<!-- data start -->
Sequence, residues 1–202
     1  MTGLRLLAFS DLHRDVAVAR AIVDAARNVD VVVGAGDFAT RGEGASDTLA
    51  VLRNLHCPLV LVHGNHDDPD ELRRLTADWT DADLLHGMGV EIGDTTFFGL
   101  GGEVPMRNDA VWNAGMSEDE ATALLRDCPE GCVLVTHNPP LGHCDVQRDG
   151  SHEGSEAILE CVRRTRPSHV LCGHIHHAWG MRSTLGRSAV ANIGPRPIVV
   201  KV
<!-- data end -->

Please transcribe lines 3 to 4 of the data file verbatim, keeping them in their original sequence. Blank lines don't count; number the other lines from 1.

    51  VLRNLHCPLV LVHGNHDDPD ELRRLTADWT DADLLHGMGV EIGDTTFFGL
   101  GGEVPMRNDA VWNAGMSEDE ATALLRDCPE GCVLVTHNPP LGHCDVQRDG